The Minnesota Ambulance Association proudly stands as the unified voice for EMS across the state, bringing together over 85% of Minnesota's EMS response volume. Our diverse membership comprises both governmental and non-governmental organizations, including Medical Response Units and individual EMS providers.
At MAA, our mission transcends representation; it is a commitment to advancing EMS leadership, shaping impactful policies, and promoting best practices. As stewards of our members' interests, we diligently work to elevate the standards of EMS in Minnesota. Through collaboration and advocacy, we strive to create an environment that fosters innovation, excellence, and continual improvement in EMS services.
In recent weeks, media coverage has shed light on the formidable challenges confronting Emergency Medical Services (EMS) in Minnesota. However, it's important to recognize that these challenges are not new; they have persisted over an extended period. The critical issue lies in the widening gap between escalating operational costs and consistently inadequate reimbursement rates, reaching a critical juncture.
Ambulance services are grappling with the monumental task of maintaining operations amidst mounting financial pressures and a dire shortage of qualified personnel. The struggle extends beyond recruitment difficulties for a high-stress profession that demands rigorous initial and ongoing training. Retention proves equally challenging, as dedicated providers are confronted with stagnant wages and benefits that pale in comparison to opportunities in sectors like fast food and retail.
In 2023, the Minnesota Ambulance Association introduced legislation that creates an assessment for non-governmental ambulance organizations, allowing ground ambulance organizations to access federal matching funds available through the Medicaid program.
2. Minimum Payment Requirements for Commercial Insurance Payors | State Balance Billing Law
Ground ambulance services often lack the negotiating power required to achieve fair and adequate reimbursement rates from commercial payors, making it extremely difficult for ground ambulance services to become ‘in-network’ with large commercial payors.
Ambulance services are often met with ‘take it or leave it’ style negotiations and the rate they are given by the commercial payor is less than the cost of providing service. This sometimes results in a ‘balance bill’ for the patient.Establishing minimum payment requirements for commercial payors, ensuring that reimbursement rates are reflective of the true cost of providing the high-quality of care Minnesotans expect and deserve would go a long way in alleviating the financial pressures leading to service closure. Doing this as part of a state Balance Billing law can help protect patients from unexpected, out-of-pocket expenses.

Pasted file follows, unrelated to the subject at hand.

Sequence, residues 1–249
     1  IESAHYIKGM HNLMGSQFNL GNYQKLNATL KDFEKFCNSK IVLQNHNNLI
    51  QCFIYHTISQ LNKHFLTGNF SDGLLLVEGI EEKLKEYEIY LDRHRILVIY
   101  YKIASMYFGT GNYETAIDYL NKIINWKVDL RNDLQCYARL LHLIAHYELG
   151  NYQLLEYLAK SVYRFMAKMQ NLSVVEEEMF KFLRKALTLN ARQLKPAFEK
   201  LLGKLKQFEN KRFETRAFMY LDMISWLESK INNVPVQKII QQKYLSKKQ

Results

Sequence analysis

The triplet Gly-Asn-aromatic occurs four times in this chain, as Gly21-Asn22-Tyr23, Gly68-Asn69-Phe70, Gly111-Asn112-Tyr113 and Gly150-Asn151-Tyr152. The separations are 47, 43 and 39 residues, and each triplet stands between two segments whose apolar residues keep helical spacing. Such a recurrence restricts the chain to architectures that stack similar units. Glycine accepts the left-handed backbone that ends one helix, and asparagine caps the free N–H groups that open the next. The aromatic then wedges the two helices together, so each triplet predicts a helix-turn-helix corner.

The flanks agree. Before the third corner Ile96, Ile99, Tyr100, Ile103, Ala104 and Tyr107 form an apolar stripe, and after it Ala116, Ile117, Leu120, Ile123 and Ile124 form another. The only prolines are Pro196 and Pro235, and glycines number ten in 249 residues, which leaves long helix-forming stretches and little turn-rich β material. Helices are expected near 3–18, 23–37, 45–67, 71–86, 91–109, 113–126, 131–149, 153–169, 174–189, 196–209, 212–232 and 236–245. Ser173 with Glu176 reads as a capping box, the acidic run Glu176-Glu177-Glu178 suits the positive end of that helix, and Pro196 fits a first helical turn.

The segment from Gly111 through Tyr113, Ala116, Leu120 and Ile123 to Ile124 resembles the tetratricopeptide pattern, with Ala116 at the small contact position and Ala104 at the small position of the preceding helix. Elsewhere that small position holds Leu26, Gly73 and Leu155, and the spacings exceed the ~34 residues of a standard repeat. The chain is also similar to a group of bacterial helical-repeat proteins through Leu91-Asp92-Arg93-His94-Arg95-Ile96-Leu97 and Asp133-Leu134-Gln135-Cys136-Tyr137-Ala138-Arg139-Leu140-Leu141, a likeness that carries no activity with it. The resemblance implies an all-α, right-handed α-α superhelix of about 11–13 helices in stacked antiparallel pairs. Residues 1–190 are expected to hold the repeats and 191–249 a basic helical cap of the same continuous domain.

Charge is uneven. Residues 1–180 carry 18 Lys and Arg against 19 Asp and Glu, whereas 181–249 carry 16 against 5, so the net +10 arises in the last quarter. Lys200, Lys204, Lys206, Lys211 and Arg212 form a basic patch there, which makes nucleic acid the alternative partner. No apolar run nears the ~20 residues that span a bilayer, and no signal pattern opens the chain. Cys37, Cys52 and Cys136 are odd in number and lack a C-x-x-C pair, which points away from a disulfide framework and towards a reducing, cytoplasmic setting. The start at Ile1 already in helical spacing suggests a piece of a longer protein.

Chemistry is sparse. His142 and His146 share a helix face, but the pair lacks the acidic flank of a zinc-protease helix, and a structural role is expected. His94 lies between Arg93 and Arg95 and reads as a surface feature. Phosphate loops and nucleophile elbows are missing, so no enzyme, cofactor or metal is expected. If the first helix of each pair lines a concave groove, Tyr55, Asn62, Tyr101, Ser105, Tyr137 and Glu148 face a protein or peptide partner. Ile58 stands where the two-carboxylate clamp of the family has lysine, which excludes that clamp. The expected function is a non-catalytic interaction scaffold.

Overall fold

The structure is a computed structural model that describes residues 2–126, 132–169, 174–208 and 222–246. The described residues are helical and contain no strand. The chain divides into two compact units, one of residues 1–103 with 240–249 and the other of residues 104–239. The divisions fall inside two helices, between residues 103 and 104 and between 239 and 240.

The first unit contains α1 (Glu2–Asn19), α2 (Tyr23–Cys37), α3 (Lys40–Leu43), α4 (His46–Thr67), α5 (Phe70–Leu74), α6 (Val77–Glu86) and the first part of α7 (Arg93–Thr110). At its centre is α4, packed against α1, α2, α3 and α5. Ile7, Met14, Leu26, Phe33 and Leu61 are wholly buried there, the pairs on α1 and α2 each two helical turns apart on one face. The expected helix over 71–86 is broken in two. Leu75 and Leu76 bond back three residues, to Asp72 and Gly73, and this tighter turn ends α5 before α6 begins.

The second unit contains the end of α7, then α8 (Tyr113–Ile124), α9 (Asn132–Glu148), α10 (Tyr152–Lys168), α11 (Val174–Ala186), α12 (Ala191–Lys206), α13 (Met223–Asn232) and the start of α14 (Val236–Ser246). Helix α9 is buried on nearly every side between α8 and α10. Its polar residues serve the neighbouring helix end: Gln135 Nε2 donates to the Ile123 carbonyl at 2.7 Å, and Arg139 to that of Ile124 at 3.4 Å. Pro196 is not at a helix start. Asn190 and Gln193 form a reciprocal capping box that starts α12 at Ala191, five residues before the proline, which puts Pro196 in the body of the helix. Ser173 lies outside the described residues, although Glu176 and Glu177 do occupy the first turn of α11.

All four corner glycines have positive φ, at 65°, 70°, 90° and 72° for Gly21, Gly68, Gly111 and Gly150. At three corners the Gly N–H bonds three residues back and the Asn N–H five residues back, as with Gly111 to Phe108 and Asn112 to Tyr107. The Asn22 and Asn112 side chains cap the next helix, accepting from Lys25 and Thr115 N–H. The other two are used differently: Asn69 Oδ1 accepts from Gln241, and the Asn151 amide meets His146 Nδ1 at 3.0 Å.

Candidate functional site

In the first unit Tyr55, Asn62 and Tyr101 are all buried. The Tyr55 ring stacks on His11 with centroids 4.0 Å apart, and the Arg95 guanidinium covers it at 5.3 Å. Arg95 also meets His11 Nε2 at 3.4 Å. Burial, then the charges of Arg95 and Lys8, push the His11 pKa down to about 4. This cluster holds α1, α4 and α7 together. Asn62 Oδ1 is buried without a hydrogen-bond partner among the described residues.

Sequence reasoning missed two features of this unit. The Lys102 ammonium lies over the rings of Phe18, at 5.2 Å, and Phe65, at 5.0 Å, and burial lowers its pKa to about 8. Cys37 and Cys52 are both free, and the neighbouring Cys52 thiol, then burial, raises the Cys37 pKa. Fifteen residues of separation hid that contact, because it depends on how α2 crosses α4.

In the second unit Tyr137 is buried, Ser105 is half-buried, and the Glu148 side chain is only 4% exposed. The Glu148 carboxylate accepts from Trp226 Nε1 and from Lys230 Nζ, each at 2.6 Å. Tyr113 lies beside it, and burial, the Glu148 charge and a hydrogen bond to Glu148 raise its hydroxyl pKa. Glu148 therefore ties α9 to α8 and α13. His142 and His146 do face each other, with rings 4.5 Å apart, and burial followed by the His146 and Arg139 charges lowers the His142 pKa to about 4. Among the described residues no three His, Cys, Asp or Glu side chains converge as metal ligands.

States such as Texas, Arkansas, Louisiana, California and, most recently, Florida have all introduced or implemented state balance billing laws that set minimum payment amounts for ground ambulance services. These can serve as examples for Minnesota.
3. Treatment-in-Place and Alternative Destination Legislation (TIP/TAD)
Presently, ambulance services face a reimbursement challenge where compensation is contingent on patient transport to an emergency room, regardless of the actual need for such services. In instances where a patient opts out of transport, the ambulance service encounters an inability to bill or receive reimbursement for the delivered care at the scene.
Enacting legislation that mandates reimbursement for Treatment in Place or Transport to Alternative Destinations is not just a financial remedy; it's a transformative step towards aligning the cost of care with reimbursement for ground ambulance services. Beyond closing the financial gap, this legislation promises to elevate the quality of care for Minnesota residents, curbing the over-utilization of emergency departments and fostering a safer environment for those genuinely in need of emergency care.
S.3236 – Emergency Medical Services Reimbursement for On-Scene Care and Support (EMS ROCS) Act – has been introduced and aims to amend title XVIII of the Social Security Act to provide Medicare coverage of ambulance services that do not include transportation. MN Senator Tina Smith recently signed on as a co-sponsor.
4. Community Paramedic (CP) Certification and Community Emergency Medical Technician (CEMT) Practice Updates
These bills update the certification requirements and practice regulations, along with increasing the CP and CEMT rates, along with adding a per mile fee for travel to a patient’s home.
5. Telehealth | Multijurisdictional Communications
HF 553 and SF 1209, both introduced in 2023, directs the EMSRB to implement a multijurisdictional communications and patient logistics platform capable of (1) patient tracking, (2) facilitating the provision of telehealth services, (3) providing information necessary for appropriate destination selection by ambulance service personnel and, (4) collecting information needed to support additional developments in time-sensitive systems of care.
6. One-Time Funding
Engaging proactively, the Minnesota Ambulance Association and its members continue to ply a pivotal role as committed participants in the ongoing sessions of the EMS Sustainability Task Force, demonstrating sustained commitment to the collective efforts of this multi-disciplinary initiative.
As champions of the endeavors of this diverse assembly of ground ambulance service providers and stakeholders, we wholeheartedly support the ongoing initiatives. Together, we are collaboratively explore and working to identify both one-time and sustainable funding opportunities within the state of Minnesota, fostering a robust foundation for the future of EMS sustainability.